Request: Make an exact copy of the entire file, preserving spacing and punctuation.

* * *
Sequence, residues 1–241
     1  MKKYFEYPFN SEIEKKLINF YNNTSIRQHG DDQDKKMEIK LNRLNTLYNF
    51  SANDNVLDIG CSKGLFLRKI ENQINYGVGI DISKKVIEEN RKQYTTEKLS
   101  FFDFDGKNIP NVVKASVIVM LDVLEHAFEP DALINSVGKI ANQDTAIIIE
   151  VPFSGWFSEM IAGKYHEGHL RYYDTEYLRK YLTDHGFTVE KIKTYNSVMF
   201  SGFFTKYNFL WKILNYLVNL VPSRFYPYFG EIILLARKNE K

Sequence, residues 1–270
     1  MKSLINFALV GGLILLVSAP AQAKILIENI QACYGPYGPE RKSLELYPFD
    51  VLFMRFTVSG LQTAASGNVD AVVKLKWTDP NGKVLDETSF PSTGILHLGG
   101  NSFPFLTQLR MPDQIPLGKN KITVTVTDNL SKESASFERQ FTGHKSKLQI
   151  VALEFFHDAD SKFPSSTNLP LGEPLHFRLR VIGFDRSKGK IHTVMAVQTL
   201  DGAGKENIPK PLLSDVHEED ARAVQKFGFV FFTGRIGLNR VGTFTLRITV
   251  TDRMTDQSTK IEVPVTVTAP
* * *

Sequence, residues 1–241
     1  MKKYFEYPFN SEIEKKLINF YNNTSIRQHG DDQDKKMEIK LNRLNTLYNF
    51  SANDNVLDIG CSKGLFLRKI ENQINYGVGI DISKKVIEEN RKQYTTEKLS
   101  FFDFDGKNIP NVVKASVIVM LDVLEHAFEP DALINSVGKI ANQDTAIIIE
   151  VPFSGWFSEM IAGKYHEGHL RYYDTEYLRK YLTDHGFTVE KIKTYNSVMF
   201  SGFFTKYNFL WKILNYLVNL VPSRFYPYFG EIILLARKNE K

Sequence, residues 1–270
     1  MKSLINFALV GGLILLVSAP AQAKILIENI QACYGPYGPE RKSLELYPFD
    51  VLFMRFTVSG LQTAASGNVD AVVKLKWTDP NGKVLDETSF PSTGILHLGG
   101  NSFPFLTQLR MPDQIPLGKN KITVTVTDNL SKESASFERQ FTGHKSKLQI
   151  VALEFFHDAD SKFPSSTNLP LGEPLHFRLR VIGFDRSKGK IHTVMAVQTL
   201  DGAGKENIPK PLLSDVHEED ARAVQKFGFV FFTGRIGLNR VGTFTLRITV
   251  TDRMTDQSTK IEVPVTVTAP